Global Trade Barriers

The Office of U.S. Trade Representative’s National Trade Estimate Report on Foreign Trade Barriers published annually classifies barriers into ten categories:

  1. Import policies that include tariffs and other import charges as well as customs barriers
  2. Standards, testing, labeling and certification, which includes refusal to accept U.S. manufacturer’s self-certification that they conform to a country’s product standards
  3. Government procurement, including “buy domestic” and closed bidding processes
  4. Export subsidies including export financing on preferential terms and agricultural export subsidies that displace U.S. exports in third world markets
  5. Service barriers such as limits on the range of financial services that can be offered by outside financial institutions
  6. Lack of intellectual property protection– endangering patents, copyrights or trademarks
  7. Investment barriers, including limits on global equity participation, access to outside government-funded research and development programs, and restrictions on transferring earnings and capital
  8. Anti-competitive practices with trade effects tolerated by other governments, including anti-competitive activities of both state-owned and private firms
  9. Trade restrictions affecting e-commerce including discriminatory taxation
  10. Other barriers, such as those that might encompass more than one category–bribery and corruption– or that affect a single sector

Each year the report outlines the specific barriers in each of the largest export markets in the U.S., breaking them out according to 57 countries and several regions including the European Union and the Southern Africa Customs Union. It is essential reading for global marketers looking to expand into one of these nations or regions.

 

 

This is an excerpt from Dr. Czinkota’s book Global Business: Positioning Ventures Ahead, co-authored by Dr. Ilkka Ronkainen.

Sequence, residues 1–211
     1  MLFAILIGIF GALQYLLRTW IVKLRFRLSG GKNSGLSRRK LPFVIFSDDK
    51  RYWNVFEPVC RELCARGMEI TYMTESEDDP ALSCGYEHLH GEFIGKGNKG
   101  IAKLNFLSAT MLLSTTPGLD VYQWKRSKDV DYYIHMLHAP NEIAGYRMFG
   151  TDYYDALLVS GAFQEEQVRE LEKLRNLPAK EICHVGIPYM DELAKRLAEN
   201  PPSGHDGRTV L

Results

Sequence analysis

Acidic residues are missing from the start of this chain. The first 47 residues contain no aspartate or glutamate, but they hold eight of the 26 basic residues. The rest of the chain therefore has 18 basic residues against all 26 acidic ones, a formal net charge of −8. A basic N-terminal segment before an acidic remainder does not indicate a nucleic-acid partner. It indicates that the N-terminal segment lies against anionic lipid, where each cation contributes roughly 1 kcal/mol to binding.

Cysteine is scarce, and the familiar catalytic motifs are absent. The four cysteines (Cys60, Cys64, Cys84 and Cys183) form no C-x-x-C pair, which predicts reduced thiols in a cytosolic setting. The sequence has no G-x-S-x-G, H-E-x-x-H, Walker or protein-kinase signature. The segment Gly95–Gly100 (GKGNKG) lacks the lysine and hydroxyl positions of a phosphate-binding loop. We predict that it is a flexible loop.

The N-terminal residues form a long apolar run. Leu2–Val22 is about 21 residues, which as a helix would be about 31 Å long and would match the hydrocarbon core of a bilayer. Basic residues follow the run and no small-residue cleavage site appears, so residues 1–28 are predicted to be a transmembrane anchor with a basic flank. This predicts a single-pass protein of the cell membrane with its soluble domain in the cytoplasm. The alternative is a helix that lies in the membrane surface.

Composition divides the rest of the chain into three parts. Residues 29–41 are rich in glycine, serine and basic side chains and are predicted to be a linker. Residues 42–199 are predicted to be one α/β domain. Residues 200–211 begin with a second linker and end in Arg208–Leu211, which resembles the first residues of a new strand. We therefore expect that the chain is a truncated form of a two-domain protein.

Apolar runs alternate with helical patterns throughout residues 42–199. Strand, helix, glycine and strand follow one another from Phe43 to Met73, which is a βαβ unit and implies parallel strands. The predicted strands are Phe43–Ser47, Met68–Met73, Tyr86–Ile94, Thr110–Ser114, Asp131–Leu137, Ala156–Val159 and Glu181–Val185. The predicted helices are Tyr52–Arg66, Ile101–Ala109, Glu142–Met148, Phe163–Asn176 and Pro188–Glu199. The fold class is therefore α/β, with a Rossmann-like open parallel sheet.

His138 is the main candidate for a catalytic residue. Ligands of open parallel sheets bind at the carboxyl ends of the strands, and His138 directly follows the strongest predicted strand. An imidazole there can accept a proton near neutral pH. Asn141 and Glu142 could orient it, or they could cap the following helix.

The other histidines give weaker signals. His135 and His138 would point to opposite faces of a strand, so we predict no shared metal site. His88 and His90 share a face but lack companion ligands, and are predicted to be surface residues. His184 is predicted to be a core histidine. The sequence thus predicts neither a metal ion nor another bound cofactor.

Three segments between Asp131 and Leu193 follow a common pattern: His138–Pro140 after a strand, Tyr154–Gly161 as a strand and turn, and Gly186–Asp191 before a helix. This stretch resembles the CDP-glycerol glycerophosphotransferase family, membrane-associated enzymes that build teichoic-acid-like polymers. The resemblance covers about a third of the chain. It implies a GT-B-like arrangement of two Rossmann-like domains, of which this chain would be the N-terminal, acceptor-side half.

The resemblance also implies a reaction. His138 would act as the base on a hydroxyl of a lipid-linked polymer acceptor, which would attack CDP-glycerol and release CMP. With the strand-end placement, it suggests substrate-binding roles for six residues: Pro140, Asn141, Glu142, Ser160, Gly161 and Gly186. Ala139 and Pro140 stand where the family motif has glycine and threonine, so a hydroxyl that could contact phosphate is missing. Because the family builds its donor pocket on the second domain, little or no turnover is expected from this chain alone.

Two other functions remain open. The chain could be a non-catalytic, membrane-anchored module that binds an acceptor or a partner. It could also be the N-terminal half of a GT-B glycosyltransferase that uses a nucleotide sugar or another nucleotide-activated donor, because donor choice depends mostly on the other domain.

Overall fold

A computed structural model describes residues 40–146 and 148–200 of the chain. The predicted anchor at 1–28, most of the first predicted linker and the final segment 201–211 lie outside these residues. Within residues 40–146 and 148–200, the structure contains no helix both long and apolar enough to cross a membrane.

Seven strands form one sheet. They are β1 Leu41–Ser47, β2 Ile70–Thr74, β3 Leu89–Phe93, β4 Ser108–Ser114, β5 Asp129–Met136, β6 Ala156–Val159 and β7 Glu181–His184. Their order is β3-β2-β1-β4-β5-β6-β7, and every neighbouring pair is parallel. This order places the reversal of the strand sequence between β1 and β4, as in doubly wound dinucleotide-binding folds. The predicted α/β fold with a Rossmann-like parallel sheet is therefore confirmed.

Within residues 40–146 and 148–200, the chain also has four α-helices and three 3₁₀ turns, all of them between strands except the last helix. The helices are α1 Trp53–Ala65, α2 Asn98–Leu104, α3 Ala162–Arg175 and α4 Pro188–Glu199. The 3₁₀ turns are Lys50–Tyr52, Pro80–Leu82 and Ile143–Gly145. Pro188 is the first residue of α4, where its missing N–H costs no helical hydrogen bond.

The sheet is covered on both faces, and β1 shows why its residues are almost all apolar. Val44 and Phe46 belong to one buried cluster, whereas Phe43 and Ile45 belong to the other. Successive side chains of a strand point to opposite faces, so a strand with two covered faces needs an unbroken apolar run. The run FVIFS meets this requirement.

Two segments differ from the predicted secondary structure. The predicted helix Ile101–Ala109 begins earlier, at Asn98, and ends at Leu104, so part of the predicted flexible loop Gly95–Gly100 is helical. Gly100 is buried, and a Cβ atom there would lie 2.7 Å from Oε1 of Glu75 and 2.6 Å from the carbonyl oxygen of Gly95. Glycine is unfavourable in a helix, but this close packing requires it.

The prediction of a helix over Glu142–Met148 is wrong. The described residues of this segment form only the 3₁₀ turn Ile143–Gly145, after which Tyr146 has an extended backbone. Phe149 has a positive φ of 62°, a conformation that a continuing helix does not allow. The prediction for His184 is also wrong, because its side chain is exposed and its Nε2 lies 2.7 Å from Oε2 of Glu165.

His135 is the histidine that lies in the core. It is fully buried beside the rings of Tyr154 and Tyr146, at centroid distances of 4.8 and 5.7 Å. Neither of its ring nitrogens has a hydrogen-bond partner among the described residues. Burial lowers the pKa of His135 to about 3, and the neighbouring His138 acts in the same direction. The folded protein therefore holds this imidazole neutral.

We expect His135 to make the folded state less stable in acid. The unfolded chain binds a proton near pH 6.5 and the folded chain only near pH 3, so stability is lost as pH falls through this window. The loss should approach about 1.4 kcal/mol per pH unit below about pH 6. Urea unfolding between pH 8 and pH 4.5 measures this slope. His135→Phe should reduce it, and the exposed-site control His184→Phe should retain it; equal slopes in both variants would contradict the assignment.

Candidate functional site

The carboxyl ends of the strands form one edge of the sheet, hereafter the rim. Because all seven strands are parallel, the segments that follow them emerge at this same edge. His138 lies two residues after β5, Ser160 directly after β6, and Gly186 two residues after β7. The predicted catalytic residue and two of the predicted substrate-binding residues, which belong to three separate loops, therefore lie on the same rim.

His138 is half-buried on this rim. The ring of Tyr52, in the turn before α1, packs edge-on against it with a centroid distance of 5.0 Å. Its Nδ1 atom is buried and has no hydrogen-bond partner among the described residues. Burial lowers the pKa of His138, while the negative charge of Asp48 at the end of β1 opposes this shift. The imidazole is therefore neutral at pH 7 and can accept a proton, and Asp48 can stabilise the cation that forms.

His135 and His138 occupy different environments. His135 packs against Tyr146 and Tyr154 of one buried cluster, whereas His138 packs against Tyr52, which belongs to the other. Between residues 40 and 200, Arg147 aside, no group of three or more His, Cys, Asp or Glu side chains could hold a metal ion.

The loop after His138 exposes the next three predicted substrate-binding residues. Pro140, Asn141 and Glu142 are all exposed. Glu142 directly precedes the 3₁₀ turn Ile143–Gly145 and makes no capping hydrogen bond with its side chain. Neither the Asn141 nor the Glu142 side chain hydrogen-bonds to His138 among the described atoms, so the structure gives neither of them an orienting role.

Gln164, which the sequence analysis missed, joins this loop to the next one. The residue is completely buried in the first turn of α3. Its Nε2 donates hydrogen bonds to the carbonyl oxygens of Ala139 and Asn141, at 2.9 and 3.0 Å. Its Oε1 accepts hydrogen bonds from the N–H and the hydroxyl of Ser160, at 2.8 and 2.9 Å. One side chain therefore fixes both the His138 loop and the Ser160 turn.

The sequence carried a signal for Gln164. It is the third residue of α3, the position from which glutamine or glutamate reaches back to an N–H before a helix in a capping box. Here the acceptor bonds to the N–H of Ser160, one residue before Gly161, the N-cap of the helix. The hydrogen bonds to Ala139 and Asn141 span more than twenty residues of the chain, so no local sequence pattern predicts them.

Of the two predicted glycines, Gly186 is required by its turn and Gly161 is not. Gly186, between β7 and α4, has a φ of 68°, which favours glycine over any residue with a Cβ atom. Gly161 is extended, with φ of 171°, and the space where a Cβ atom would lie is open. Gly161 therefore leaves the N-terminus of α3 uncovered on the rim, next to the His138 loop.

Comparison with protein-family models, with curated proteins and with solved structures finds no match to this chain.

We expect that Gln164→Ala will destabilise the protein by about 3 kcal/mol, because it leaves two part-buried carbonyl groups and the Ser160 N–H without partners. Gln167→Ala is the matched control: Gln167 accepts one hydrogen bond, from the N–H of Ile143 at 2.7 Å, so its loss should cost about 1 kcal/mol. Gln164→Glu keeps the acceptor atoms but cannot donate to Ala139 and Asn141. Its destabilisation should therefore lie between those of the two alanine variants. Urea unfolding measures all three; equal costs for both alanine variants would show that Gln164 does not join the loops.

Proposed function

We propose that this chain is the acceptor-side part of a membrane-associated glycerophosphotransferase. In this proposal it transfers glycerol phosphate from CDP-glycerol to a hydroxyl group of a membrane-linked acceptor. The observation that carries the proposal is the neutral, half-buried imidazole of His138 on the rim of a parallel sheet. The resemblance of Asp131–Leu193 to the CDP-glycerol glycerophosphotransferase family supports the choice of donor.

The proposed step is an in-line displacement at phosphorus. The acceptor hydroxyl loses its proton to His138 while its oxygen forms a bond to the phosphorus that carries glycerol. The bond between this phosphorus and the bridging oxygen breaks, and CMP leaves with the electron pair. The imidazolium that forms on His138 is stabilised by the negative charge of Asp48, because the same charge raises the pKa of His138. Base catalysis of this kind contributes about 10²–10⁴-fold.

Michael R Czinkota and Ilkka A Ronkainen, Global Business: Positioning Ventures Ahead (New York: Routledge, 2011), pg. 17-18.

Click HERE to acquire the full book.

Global Marketing and Freedom- Intro

In light of the recent Norwegian bombing, we will be presenting a series over the next few days focused on freedom and terrorism’s effect on international business.

There is, in fact, a direct connection between global trading and freedom. Global marketing is essential to freedom because freedom is about options. Options provide the opportunity to make decisions. Withe international marketing, companies, cross borders to provide more then one choice for customers. Global marketing does so in all corners of the globe, in the glamorous ones as well as in the small and remote ones where the efforts are not seen by others. By operating both in the lime -light and well outside of it, international markers offer freedom by providing options to the seller and the buyer — whether it is in supplying or purchasing, pricing or selecting

This is an excerpt from Dr. Czinkota’s book Global Business: Positioning Ventures Ahead, co-authored by Dr. Ilkka Ronkainen.

Michael R Czinkota and Ilkka A Ronkainen, Global Business: Positioning Ventures Ahead (New York: Routledge, 2011), pg. 235.